Data#3 has partnered with Deakin University to promote a digital technology curriculum for students and teachers.
Using Lenovo devices, students and teachers were introduced to IoT technology as part of a three-year pilot from 2019-2021 which focuses on disadvantaged schools in South West Victoria.
In early March, prior to the COVID-19 social distancing restrictions and subsequent lockdown, students from a rural Victorian primary school visited the Warrnambool campus of Deakin University for a day focused on using technology to design and code.
The students were introduced to elements of digital technology and then used their new skills to assist teachers with the tech. Teachers from a number of schools throughout southwest Victoria participated, as part of professional learning in line with the national Digital Technologies curriculum.
The project, titled Kids Teaching Teachers Digital Technologies, was funded by Data #3 in a partnership with Lenovo, in what the companies described as a commitment to foster professional learning and improve digital advocacy for teachers.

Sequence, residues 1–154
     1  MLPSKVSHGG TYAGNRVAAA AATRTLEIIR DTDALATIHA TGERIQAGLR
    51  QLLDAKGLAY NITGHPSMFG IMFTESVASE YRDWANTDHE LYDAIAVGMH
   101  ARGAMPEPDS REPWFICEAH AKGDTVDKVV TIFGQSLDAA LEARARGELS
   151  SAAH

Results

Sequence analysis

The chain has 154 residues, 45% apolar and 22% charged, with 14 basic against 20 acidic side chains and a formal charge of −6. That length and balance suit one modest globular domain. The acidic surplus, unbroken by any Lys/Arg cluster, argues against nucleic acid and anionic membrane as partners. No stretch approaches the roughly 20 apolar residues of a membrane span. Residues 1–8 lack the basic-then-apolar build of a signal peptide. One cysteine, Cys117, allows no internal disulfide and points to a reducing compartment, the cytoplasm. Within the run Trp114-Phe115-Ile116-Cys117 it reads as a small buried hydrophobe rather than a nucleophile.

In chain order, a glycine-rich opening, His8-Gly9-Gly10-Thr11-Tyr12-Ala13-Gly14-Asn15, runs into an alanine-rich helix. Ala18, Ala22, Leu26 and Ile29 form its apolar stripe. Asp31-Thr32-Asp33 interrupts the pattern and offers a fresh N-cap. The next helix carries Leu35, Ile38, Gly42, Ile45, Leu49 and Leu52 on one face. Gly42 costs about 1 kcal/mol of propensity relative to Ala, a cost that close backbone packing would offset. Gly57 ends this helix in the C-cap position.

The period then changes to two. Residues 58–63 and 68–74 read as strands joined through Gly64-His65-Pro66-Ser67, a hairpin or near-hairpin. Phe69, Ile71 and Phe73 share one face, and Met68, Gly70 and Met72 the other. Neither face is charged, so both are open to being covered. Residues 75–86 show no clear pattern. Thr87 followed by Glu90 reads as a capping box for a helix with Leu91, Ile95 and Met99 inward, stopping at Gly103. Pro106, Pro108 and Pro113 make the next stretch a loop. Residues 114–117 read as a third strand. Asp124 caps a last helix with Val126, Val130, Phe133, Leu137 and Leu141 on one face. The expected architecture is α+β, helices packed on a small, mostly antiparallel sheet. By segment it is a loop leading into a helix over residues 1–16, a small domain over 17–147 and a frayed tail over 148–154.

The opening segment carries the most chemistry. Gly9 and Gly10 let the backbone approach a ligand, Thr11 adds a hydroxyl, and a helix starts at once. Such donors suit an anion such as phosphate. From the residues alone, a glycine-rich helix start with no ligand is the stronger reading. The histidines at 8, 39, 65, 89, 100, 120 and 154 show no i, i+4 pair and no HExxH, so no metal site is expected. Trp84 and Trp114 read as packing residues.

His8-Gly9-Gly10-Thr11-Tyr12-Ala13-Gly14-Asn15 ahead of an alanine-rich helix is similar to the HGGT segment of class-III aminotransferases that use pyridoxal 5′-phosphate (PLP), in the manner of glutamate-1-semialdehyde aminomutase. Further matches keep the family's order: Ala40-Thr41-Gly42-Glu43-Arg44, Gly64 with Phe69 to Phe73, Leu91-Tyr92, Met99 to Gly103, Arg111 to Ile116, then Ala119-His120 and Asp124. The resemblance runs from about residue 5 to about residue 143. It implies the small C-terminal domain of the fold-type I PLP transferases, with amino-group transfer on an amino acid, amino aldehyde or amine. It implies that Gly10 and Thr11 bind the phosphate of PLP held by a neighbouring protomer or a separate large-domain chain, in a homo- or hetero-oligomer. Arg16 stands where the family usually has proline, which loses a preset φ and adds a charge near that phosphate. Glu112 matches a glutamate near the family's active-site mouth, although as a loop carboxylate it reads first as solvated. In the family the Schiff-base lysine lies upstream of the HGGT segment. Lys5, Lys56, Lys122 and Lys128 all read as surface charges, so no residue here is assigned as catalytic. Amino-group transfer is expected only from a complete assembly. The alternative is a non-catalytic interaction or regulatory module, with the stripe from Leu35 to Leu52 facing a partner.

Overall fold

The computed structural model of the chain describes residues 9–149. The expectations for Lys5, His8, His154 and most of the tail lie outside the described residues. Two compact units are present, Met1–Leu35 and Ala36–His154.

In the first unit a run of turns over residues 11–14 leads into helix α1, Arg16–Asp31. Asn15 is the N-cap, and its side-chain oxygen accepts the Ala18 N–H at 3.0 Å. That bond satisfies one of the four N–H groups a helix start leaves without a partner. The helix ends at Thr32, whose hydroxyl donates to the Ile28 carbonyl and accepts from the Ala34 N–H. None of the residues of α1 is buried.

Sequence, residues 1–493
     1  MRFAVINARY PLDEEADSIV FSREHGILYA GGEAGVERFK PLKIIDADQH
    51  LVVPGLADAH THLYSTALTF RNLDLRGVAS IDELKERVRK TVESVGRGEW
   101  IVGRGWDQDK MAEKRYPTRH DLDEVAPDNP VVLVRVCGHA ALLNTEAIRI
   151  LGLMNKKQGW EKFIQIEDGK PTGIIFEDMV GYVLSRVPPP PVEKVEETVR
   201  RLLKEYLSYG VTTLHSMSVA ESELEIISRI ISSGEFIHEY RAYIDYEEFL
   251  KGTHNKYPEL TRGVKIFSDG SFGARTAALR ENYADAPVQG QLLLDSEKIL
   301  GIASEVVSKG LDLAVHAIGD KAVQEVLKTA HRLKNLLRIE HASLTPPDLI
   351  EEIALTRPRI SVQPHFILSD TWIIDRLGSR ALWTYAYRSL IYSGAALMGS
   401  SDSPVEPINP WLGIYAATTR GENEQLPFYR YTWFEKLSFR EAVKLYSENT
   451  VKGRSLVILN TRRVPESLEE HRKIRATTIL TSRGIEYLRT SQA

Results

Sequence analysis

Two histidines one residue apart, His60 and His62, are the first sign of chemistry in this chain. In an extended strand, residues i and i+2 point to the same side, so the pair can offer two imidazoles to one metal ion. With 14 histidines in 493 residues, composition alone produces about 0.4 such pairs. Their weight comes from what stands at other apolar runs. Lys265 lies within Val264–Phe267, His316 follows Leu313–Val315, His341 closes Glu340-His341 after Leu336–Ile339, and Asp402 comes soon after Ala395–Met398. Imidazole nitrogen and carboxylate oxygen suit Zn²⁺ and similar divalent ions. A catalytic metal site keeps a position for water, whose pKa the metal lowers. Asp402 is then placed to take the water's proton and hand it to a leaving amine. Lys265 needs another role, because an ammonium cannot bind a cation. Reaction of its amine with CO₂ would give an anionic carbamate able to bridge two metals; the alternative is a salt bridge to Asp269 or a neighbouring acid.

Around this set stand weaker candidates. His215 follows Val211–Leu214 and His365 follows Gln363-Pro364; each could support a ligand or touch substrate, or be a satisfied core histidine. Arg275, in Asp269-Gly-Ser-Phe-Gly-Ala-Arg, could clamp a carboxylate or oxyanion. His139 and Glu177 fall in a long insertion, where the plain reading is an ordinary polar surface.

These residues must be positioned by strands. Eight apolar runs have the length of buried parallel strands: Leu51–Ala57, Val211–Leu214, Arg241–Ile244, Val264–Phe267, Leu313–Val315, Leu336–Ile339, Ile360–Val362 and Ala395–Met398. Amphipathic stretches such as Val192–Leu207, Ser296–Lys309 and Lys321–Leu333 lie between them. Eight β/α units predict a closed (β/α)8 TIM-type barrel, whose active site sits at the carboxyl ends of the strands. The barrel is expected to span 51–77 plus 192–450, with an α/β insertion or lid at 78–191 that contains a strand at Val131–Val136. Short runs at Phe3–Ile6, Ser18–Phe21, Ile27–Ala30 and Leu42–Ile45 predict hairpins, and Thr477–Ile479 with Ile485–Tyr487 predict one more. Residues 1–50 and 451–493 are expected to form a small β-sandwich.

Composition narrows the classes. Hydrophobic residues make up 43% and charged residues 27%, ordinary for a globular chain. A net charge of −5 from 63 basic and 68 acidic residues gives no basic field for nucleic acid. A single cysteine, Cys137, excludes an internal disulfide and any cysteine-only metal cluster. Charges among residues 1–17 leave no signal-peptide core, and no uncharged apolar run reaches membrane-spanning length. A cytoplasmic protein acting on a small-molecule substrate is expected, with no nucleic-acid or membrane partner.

Primary school students were introduced to simple microcontrollers with motion sensors, which they learned how to code. The final prototypes were aptly named ‘petometers:’ step counters for their personal pets.
Prototypes for use on a variety of animals were constructed and tested. The students then explained to the teachers how the technology worked and helped them create their own step counters.
The research project, facilitated through Deakin University, was established to provide meaningful and accessible professional digital learning to teachers, the company said in a statement.
Data #3's Lenovo national practice manager Taryn Trass described the excitement within the company for the project.
“The role of technology in student learning only continues to grow, and we’re proud to be able to help bring these learning opportunities to students and teachers alike."
Deakin University associate professor Julianne Lynch said: “Skills in designing and evaluating digital technologies are essential for students, both as potential vocational skills and for productive and critical participation in society.”
“Additionally, the digital technologies curriculum promotes character traits and thinking skills necessary for problem-solving and innovation, that are important for students regardless of the pathways they choose,” she said.
Data#3 has been a Lenovo partner since 2005.